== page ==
Wednesday, October 5, 2011

Class review: Todd Green's Aim Fast Hit Fast pistol course

Full pic library.  Notice Todd's letter perfect "pressout" as he shoots a clean sub 5 second FAST drill.

 (I note that my gunshot elbow looks pretty gnarly. Never seen it from that angle. Oh well, it works well.)


  Tap. tap, tap. That's the sound of Todd Green working on his students' shooting skills in such a manner they don't know what he's doing until (at least for this student) TD2 when rapid fire while moving and not missing the target seemed easy and a matter of fact.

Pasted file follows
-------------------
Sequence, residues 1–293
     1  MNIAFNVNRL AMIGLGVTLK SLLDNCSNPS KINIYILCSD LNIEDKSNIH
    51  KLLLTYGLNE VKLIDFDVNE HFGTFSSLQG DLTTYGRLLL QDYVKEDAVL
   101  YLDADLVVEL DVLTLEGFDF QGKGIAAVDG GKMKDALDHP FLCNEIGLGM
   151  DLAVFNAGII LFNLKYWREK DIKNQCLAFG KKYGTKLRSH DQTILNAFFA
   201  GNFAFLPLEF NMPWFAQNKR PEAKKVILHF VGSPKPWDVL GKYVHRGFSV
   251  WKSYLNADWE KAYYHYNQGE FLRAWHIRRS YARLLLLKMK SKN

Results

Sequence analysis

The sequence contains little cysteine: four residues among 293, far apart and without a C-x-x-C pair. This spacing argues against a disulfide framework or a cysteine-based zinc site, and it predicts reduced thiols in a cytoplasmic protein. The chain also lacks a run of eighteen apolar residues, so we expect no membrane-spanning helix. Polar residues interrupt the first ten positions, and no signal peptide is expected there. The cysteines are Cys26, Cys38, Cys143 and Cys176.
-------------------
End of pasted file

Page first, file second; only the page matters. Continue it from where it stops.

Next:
TD (Training Day) 1 started with a basic slow fire accuracy assessment which was slow fire on an index card at 7 yards.  Grips were adjusted as well as trigger fingers.  One thing that helped me was Todd illustrating how many folks think they're shooting with a full locked out weak side wrist and thumb along the slide/frame and they are not.  Then we moved on to the fabled FAST test.  A word about the FAST test: this test is designed not to be "gamed," ie it is a broad spectrum test of all of your skills and you are specifically encouraged NOT to practice it endlessly bu rather the basics of drawing, shooting, and reloading instead.   After the FAST test we moved onto the [url=]Circle Drill.  The Circle Drill is a favorite of mine but it helped to have someone watching over me, exhorting me to push myself. Todd seemed to be everywhere during this class and like as not, when you took it easy on yourself and took a drill in your "comfort zone" instead of pushing yourself, you'd hear his voice through your earmuffs telling you to rerun that drill and to push your own limits.   All the while the nuances of drawing (bring your shirt up and out of the way with your weak hand and then position your weak hand in waiting for when your pistol comes up to near eye level for the "ready position").  Being prior military (Marines), I was used to a ready position pointed downward at an angle but within in one try I could readily see the wisdom of having the top of your pistol and therefore the front sight in the lower portion of your vision, ready for your press out.